(+) takes seriously the pervasiveness of sin in
human culture and distinguishes kingdoms
(-) fails to incorporate redemption (cannot remain
content with the way things are)
(+) affirms creation as a good gift of God
(-) fails to see that the primary focus of biblical
ethics is those who believe
(+) takes seriously the call of Jesus to influence the
world (salt and light)
(-) tended to use the world's means to change the
Christ in but not of culture
- "in" points us in the direction of an incarnational
ministry of proclamation
ministry of presence
Great Commission
salt, light, and leaven
compel us
- Christian mission should never be changed at all
costs (John 17:14-19)
- called by God to a life of holiness and faithfulness
Scriptural Teaching
distinguish between description and prescription
OT Israel's experience under the theocracy should not be absolutized
little direct
biblical instruction
not a format for Gentile nations
- man is called to subdue the earth
Gen 1:26-28
- remember the "great turning
points of redemptive history"
(D. A. Carson)
- creation is what grounds all human accountability
to God our Maker
- man is both instructed and permitted by God to
rule over the earth
- we
to delight in him - we
- consumed by our own self-focus, we desire to
dominate or manipulate others
- the heart of all evil is idolatry (dethroning of God)
sin is social
forgiveness and reconciliation
regeneration and transformation
God's world
we were made in God's image
corroded by human rebellion against God
Israel and the Law
("the old covenant")

- the Mosaic Law is the most formal ordering of
society in the OT
- God graciously chooses his own people (Deut. 7; 10)
- the law that God gives touches all of life
- Israel is constituted a theocracy
- the heart of the covenant is about the tabernacle,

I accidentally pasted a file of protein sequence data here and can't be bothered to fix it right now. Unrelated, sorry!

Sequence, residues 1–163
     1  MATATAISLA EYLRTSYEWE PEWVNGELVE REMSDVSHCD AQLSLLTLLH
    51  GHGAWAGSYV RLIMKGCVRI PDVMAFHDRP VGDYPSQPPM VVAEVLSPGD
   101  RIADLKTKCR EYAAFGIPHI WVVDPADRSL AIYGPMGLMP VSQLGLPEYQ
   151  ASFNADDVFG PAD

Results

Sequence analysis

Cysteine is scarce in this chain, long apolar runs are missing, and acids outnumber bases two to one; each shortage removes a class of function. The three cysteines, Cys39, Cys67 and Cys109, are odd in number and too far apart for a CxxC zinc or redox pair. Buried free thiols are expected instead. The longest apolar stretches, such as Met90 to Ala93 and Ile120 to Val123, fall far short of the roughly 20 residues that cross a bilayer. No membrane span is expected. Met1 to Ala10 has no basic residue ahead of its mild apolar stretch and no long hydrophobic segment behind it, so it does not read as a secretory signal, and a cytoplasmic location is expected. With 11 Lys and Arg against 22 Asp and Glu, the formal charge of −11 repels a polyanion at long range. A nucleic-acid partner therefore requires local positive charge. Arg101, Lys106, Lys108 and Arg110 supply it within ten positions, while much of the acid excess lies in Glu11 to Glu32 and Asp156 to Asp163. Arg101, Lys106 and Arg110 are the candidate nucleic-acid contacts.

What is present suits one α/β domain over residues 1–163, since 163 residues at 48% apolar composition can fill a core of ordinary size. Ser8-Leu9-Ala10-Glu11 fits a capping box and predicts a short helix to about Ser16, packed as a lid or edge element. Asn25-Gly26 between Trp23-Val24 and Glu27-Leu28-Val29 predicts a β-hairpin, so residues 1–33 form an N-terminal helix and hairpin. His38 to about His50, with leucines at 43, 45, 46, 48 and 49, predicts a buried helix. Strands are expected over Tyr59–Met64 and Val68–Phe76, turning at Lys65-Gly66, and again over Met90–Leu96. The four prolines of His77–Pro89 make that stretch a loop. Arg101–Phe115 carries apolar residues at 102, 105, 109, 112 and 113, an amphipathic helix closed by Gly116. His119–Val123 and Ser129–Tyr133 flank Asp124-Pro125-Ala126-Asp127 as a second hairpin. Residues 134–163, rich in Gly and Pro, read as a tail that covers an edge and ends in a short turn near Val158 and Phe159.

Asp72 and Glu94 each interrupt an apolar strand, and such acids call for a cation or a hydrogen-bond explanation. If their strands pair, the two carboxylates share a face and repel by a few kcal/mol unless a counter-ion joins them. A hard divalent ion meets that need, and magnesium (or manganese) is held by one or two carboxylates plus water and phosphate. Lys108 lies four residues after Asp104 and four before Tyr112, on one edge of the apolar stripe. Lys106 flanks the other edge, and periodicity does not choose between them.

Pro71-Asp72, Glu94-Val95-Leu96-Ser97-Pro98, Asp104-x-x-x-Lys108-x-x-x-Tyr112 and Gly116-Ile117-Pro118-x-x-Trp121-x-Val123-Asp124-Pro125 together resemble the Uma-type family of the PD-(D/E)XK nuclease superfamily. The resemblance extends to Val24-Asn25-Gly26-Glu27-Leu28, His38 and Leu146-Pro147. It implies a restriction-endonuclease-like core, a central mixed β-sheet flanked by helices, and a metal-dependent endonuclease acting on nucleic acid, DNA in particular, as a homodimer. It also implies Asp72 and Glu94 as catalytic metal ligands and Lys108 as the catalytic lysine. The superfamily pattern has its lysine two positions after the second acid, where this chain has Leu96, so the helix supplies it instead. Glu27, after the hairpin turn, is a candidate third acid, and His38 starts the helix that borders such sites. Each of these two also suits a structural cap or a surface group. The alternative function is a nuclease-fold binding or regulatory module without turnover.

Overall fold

the priesthood, the sacrificial system etc.
Christ and the New Covenant
(6 observations)

the incarnation of the eternal Word (John 1:1-18) grounds many exhortations in the NT
A Heaven to Be Gained and a Hell to Be Feared
- NT repeatedly draws our attention to what comes
when Jesus returns
The Story of Israel - a Warrant for Theocracy?
- no guaranty that the king would always follow God
- no indication that God wanted foreign rulers to
institute a theocracy
- some day all human rule will cease, and God will be
absolute monarch
story of Israel
Learning from Daniel and His Three Friends
(Group 2)
1) How did Daniel's three friends live out the relation between Christ & culture in Dan 3?
2) What is Daniel's prophecy about God's rule (Dan 2
+ 7:14)?
(Group 1)
1) What do we know about Babylonian culture at Daniel's time? (consult Bible dictionaries)
2) How did Daniel live out the relation between
Christ and culture in Daniel 1?
Jesus inaugurates the kingdom (reign) of God
Four gospels have been called passion and resurrection narratives with long introductions
Jesus' death established the new covenant
Jesus' death and resurrection are the basis for sending the Spirit to the community of believers
"Give back to Caesar what is Caesar's, and to God what is God's" (Matt. 22:21)
- current relations between Christ and culture have
no final status
- in the inaugurated-but-not-yet-consummated
kingdom, there will be no perfection
- we cannot bring in the consummation ourselves
- Scripture does not answer all questions
new identity:
"little flock" (Lk 12:32); be salt and
light (speak and act in protest?)
- there will be occasions when they must break the
law (seek the direction of the Holy Spirit, the
counsel and prayer of believers in Jesus)
new belonging:
citizens of God's kingdom